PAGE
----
I mean, that solo… I don’t care about the ‘black sand’ all over it, the song was such a classic. Bah, this young generation. I get my old service revolver, from those days in the army and polish it. My one true shining light in life; the one thing that never walked away from me. I get a call from Nature and leave the gun for a moment. The call is a long distance one. Age. When I return, I find my revolver gone and my waste of space of an assistant knocked out cold in the ground. I can still hear the steps running away and I make haste. I will chase them to ‘hell and back’, with steady beat and a voice like a bat out of hell.

I thought about those words in the bar so many years ago. What is a “red parole”? Oh, it’s been five years now, to the day. Strange coincidences of life.

I make my way out of the office block and I find myself surrounded my a squad of goons. The one person who stole the revolver was a total babe of a dame. Figures. They always spell trouble. She walks towards two low life idiots in a pink Cadillac and hands them my revolver. They giver her a suitcase. I engage the goons, but they overpower me easily. One of the idiots in the car yells ‘disengage’ and the brutes let me go. I should be used to the agony of defeat by now, but somehow, this feels the lowest I’ve been in my life. My voice wants to croon away the pain in a slow, rhythmic atmosphere enveloping me. But I muster up some courage and make a run for it. I’d rather die on my feet that on my knees.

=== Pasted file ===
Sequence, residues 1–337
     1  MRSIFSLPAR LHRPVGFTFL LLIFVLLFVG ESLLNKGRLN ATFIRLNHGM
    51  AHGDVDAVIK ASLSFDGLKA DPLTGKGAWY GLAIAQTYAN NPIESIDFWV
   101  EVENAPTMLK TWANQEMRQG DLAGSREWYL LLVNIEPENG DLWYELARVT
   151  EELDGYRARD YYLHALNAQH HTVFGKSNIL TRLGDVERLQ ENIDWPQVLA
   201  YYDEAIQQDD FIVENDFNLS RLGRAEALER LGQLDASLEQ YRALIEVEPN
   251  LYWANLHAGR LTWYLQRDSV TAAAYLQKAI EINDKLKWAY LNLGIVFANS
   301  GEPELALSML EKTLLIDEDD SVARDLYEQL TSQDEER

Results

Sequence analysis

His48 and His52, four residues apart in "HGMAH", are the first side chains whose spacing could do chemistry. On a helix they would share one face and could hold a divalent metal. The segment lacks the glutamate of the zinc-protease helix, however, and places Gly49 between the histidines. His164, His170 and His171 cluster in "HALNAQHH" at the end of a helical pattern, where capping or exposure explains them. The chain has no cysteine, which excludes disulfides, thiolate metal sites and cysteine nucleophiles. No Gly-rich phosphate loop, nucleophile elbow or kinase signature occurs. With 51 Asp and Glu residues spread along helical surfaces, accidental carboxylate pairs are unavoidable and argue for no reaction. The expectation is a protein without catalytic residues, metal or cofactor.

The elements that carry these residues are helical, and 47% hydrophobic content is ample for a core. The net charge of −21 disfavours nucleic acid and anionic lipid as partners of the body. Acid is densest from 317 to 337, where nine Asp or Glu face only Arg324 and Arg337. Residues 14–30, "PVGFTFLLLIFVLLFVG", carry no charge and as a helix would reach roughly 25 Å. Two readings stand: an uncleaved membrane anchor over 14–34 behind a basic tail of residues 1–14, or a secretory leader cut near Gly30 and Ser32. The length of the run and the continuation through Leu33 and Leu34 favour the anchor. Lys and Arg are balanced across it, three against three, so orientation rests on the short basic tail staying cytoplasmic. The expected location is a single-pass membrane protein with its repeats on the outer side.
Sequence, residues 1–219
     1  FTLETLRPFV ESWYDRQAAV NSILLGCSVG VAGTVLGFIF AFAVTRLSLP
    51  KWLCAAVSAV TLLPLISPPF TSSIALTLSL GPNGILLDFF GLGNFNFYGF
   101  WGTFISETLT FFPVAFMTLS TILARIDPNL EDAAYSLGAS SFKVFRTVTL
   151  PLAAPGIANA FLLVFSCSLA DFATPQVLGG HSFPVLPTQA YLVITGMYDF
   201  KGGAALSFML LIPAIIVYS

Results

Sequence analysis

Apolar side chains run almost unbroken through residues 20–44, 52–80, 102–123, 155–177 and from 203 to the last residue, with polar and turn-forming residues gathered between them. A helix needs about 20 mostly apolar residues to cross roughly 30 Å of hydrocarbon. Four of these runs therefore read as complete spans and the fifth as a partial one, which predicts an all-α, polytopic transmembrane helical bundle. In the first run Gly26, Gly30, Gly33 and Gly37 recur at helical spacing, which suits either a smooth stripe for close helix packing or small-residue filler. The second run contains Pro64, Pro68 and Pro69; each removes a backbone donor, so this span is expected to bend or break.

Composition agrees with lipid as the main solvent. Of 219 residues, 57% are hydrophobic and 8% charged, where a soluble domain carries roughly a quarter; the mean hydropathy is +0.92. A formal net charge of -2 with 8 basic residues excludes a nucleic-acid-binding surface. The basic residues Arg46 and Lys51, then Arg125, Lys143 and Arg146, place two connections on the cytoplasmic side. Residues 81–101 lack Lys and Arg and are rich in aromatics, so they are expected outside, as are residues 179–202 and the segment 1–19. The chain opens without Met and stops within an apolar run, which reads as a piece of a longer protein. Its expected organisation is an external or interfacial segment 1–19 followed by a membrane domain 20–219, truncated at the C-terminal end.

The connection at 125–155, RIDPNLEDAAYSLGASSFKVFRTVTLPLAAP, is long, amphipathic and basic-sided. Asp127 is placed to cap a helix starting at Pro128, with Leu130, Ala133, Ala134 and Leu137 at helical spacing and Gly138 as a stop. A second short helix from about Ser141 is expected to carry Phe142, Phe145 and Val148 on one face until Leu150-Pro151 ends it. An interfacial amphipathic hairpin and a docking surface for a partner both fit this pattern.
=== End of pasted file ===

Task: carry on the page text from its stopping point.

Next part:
The two idiots step on the gas but I jump inside the car. The winding streets of México‘s Zócalo are a challenge for any driver. Imagine trying to sail through them while a 56 year old detective punches you in the ear. We swerve, we fishtail and we skid, but we still are firmly attached to the road. I grab the fattest of the two, the one riding shotgun and show him you can be defenestrated from a moving car. It’s now a mano a mano duel and we struggle for a bit. He punches me and I almost fall out of the car. I stand up, stabilise myself and get a good vantage point to kick him. Just when I finally seem to be able to win something in my life, a cold, hard pain hits me on my left temple. It’s the crane of a tow truck, badly parked on the street. I fall to the ground and see the car disappear into the distance. My life starts to fade too and the last thing I hear is ‘the winch’ of the tow truck wind…

From the moment I was born until this moment where I depart to those promised ‘Elysian Fields’, I have been a failure. I let everyone down. I waited five years to find out what a Red Parole was and I couldn’t even do that. Five long years. I drift alone, slowly, soothingly as a celestial music and that promised ray of light appear. Maybe I will get a second chance or maybe, just maybe, I’ll met the creator of this life of mine. I’ll introduce myself, we’ll drink a few Vodka Sevens and I’ll sweet talk my way through the pearly gates.

My name was Jonathan Sorrow and I was a private detective…

Words: Sam Valdes Lopez.

Special thanks to Mat Herron (Karate Body Records) and Victoria. 

Seluah Website. Facebook. Soundcloud. Bandcamp. Twitter.